Thursday, May 14, 2020
Some years ago, I had an idea, which had lied dormant until recently sparking another idea in my mouldering brain wires.
Those Little Free Libraries were popping up in the neighborhood back then. There was something so moving about them and novel. I had never seen such a beautiful public invitation: “ Please open this door and enjoy something to hold in your hands, something which may change your perspective on life, or, at the very least, entertain you. FOR FREE!”
Whether anyone ever really took them up on the offer didn’t matter to me. What did matter was that someone had built this little library, stocked it with books and waited to see what would happen. That they looked like little shrines didn’t hurt either.
Right after these Little Free Libraries popped up, I had an idea to do something similar. What I wanted to do was to build an information board, one with a little roof like you see at state parks. On it would be works of art or poetry or whatever that people wanted to create and share with others. I would take a picture of everything that went up, catalog it and put it on the blog. Not long after, I started my weekly broadcasts of Haiku Friday. So, this idea was mothballed.
OK here is my mundane proposal…
What if I put together a zine that came out once a month? It would feature all that month’s poems that were submitted to me for Haiku Friday. Also people could send in their artwork, musings, whatever and I would print those in this zine. I would put copies by our block wall. Maybe I could have a dropbox for those who wanted to leave their creations right there too. I could share the zine in a digital form on the blog. The physical dispenser of the zine may be a Little Free Zine single-wide?
I wouldn’t want it to make any money. None of my ideas do. The zine would be free. Maybe if people wanted a hard copy mailed to them they could pay for postage. So many pedestrians pass by our house, I think they would get distributed quickly.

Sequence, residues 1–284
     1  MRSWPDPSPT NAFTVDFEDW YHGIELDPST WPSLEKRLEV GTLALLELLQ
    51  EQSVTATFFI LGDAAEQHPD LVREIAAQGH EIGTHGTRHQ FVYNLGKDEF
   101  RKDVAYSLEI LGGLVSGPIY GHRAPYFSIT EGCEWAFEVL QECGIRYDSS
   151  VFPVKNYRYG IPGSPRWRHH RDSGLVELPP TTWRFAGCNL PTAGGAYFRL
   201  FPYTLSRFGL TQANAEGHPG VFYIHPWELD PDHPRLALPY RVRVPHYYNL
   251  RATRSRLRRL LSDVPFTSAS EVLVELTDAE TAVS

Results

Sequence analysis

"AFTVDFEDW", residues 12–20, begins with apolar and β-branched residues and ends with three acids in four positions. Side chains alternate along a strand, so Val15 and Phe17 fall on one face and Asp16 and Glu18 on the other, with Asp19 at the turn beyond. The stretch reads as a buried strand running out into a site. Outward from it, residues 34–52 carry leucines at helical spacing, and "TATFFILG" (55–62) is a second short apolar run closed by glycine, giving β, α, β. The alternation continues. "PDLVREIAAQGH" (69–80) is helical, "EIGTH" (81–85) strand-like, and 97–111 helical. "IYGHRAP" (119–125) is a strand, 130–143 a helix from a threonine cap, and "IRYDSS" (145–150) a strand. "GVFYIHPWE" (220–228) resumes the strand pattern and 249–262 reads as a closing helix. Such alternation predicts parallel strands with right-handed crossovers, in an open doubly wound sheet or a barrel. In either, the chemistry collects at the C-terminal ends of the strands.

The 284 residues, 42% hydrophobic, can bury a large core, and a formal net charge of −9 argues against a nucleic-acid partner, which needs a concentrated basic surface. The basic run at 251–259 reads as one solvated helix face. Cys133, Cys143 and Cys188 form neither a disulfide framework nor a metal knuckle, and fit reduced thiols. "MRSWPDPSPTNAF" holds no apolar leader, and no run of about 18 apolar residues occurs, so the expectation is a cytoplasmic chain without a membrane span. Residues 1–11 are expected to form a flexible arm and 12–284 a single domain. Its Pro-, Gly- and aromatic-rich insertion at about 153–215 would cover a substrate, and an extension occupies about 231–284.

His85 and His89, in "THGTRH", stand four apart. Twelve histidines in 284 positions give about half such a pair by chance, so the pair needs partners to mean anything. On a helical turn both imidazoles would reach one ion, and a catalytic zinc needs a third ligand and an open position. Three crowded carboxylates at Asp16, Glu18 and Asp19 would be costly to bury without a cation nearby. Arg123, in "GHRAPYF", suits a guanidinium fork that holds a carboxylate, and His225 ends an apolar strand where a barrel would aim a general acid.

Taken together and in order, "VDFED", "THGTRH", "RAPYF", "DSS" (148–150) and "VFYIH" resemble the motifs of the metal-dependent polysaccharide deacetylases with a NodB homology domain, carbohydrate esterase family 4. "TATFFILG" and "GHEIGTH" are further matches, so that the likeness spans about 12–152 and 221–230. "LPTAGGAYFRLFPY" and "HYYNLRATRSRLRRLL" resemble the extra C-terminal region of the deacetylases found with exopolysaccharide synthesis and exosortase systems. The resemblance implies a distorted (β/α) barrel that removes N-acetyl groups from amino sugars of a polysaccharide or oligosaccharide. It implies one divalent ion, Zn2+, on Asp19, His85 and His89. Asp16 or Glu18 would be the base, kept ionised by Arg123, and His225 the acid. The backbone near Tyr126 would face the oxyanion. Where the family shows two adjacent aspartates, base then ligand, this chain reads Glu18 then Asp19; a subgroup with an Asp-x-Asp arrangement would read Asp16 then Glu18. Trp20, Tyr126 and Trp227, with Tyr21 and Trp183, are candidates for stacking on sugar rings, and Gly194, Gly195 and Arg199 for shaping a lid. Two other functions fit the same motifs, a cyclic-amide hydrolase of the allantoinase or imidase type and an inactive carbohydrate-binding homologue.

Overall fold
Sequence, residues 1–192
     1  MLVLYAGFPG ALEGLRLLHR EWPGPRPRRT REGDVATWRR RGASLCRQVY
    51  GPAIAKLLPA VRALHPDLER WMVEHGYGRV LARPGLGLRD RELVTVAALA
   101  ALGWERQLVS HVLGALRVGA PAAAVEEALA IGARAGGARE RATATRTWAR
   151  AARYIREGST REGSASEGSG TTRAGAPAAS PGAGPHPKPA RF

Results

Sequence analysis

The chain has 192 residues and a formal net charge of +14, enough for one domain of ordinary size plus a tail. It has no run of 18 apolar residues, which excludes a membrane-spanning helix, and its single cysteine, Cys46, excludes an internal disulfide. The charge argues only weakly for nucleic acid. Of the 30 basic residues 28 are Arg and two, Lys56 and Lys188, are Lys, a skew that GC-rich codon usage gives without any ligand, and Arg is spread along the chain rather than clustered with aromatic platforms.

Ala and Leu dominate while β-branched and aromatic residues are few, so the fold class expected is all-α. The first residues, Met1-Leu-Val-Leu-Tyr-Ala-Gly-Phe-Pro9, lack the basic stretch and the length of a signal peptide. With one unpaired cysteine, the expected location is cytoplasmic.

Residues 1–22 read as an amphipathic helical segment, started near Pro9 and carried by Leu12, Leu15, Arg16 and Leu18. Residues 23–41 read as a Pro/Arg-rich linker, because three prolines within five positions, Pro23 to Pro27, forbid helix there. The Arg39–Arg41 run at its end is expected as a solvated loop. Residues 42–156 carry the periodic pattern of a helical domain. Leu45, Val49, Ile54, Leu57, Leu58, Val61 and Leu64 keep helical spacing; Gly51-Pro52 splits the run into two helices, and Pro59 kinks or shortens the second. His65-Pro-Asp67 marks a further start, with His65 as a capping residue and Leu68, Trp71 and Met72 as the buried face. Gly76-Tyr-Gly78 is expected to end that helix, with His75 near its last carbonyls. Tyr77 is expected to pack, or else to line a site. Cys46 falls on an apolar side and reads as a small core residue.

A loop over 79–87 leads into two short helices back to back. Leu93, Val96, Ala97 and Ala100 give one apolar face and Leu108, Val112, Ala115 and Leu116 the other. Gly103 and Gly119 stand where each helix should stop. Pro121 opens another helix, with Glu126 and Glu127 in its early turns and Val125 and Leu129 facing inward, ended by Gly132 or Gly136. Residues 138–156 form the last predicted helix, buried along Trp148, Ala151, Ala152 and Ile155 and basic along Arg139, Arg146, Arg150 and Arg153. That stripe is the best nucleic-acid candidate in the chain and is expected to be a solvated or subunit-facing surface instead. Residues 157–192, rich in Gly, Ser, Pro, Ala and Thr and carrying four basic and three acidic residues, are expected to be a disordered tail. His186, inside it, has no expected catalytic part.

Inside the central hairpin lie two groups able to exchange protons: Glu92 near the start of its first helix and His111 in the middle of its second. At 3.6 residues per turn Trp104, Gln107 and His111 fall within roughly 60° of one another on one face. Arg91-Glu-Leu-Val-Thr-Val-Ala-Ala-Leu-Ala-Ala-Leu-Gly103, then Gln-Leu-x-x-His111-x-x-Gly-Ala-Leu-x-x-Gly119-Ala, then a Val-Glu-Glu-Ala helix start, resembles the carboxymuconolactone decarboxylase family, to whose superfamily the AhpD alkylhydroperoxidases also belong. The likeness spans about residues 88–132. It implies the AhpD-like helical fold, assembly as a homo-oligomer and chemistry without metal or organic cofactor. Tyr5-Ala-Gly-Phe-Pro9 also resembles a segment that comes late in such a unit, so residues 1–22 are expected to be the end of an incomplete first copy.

When I started this blog so long ago, my main focus was on visiting people in Spokane who I liked, and have them tell their stories either via audio, video or written copy. I got lazy and dropped the ball. Shifting the focus to creative works and giving neighbors a way to have something tangible to show them the wonderful spirits who live around them would be a worthwhile thing to do.
I will probably be retiring sometime this year, or early next year. I would have the time to do this right.
This book is what made me think about doing this:
Would this be a worthwhile thing? Are zines dead? Should I censor language or anything else that may be too PG-13? Let me know what you think, please!
Tuesday, May 12, 2020
So, it’s been really long time. Is anyone still reading this? Is anyone still reading blogs?
Life has gotten kind of weird for me. I am home from work. I am not sure for how long.
What have I been up to? You might be (but probably aren’t) asking yourself this question.
I’ve been whipping out about a painting a month. I have a shared photo album here if you are interested in seeing any of them. I still do Haiku Friday every Friday (well almost every Friday) live on Facebook. The videos wind up on my YouTube channel.